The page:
“The conversation now is very, very strong,” says Matthew. “We have queer people taking over social media and offline spaces to own their identity. It’s something beautiful; even when it’s compromising our security, we are still here. The LGBTQIA+ climate in Nigeria right now is furious, it’s aggressive; it is queer people being tired of oppression and pushing back.”
“We organise safe spaces for queer people to access therapy, engage with the community, have discussions amongst ourselves and also to have fun”
Fierce as the movement may be, the primary focus for the community is mutual support and care rather than changing the law. As Matthew notes, this stems from the community’s understanding that despite homosexuality being decriminalised in other countries, such as South Africa and India, queer people there still face daily discimination and violence.
“Society has taken so much from us,” they say. “We need to come together and find ways to replenish ourselves; you can’t go out there to fight the battle when you’re empty and damaged, when you’re not ok. We organise safe spaces for queer people to access therapy, engage with the community, have discussions amongst ourselves on sexual and mental health, and also to have fun [watching queer movies]. One thing I love so much is coming together to just cry.”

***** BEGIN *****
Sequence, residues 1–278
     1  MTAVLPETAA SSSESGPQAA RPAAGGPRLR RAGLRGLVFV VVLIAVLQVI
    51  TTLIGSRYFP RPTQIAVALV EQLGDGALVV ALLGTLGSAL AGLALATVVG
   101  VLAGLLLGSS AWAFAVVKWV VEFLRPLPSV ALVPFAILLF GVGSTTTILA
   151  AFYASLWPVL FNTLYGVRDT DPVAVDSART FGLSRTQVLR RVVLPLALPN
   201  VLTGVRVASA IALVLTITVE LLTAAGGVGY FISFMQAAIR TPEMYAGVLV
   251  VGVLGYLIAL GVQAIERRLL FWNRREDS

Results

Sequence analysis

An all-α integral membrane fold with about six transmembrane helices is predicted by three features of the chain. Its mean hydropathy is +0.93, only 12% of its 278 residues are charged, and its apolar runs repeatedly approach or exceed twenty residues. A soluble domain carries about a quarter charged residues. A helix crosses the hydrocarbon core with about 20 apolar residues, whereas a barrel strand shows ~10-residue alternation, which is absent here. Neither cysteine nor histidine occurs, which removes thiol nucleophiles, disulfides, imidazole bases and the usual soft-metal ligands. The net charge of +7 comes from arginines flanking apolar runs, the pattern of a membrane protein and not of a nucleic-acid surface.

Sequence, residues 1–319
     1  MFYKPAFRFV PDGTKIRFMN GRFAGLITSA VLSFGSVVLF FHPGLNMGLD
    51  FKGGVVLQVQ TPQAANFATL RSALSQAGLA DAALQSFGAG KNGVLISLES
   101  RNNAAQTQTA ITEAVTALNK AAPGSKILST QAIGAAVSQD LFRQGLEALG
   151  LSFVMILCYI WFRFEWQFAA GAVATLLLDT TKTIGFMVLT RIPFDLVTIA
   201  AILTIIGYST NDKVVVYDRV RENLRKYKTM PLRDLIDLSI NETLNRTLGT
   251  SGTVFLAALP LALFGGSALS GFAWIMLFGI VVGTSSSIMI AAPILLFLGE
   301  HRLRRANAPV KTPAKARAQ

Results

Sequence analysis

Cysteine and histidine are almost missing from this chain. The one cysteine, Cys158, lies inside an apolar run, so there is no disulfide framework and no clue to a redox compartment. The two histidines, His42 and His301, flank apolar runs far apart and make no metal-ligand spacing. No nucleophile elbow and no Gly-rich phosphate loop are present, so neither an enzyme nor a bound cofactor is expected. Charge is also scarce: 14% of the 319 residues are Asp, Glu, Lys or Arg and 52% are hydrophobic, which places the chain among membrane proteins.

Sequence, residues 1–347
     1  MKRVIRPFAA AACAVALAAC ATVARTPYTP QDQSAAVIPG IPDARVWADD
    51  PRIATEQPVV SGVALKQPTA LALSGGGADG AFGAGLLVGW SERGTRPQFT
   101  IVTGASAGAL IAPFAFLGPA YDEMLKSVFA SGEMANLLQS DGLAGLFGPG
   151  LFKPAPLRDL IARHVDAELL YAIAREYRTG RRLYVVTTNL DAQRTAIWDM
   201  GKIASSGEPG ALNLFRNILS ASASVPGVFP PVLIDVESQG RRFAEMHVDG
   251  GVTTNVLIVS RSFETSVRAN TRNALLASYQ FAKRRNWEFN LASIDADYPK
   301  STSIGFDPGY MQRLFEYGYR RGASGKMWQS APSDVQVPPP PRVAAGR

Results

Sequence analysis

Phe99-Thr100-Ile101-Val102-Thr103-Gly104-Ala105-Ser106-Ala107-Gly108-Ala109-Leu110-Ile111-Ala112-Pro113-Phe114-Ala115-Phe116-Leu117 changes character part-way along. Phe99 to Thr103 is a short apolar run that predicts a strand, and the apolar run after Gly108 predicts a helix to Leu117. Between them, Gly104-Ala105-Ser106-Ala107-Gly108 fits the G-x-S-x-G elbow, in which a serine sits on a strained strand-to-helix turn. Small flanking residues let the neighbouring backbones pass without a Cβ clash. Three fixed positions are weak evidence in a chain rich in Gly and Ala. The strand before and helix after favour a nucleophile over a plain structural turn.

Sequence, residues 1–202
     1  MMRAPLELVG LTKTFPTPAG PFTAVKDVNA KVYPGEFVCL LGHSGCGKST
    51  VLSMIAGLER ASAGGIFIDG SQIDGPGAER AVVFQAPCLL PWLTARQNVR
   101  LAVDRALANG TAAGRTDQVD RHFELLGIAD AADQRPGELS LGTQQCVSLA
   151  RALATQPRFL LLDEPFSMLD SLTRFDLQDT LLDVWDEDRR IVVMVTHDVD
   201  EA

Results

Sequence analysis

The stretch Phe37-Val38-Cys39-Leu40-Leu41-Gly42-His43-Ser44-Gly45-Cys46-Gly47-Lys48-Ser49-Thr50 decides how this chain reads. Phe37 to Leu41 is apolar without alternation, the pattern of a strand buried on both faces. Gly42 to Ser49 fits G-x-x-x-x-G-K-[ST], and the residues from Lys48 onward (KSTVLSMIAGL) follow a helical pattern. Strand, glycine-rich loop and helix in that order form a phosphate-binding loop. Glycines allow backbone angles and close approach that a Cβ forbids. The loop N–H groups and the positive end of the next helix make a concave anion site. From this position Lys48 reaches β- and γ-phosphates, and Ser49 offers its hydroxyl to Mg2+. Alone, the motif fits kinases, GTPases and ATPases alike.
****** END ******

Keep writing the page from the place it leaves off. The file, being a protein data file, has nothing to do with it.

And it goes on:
Matthew adds that while Nigeria is extremely unsafe for everybody, it is exponentially more so for those with a marginalised sexuality or gender identity. Under the SSMP, anyone who “registers, operates or participates in gay clubs, societies and organization” or “supports” the activities of such organisations can receive from 10 to 14 years in prison.This makes it even more important to ensure the community’s safety at all events. Matthew says that attendees are often scared of turning up to the events they organise; memories of police raids linger in the community.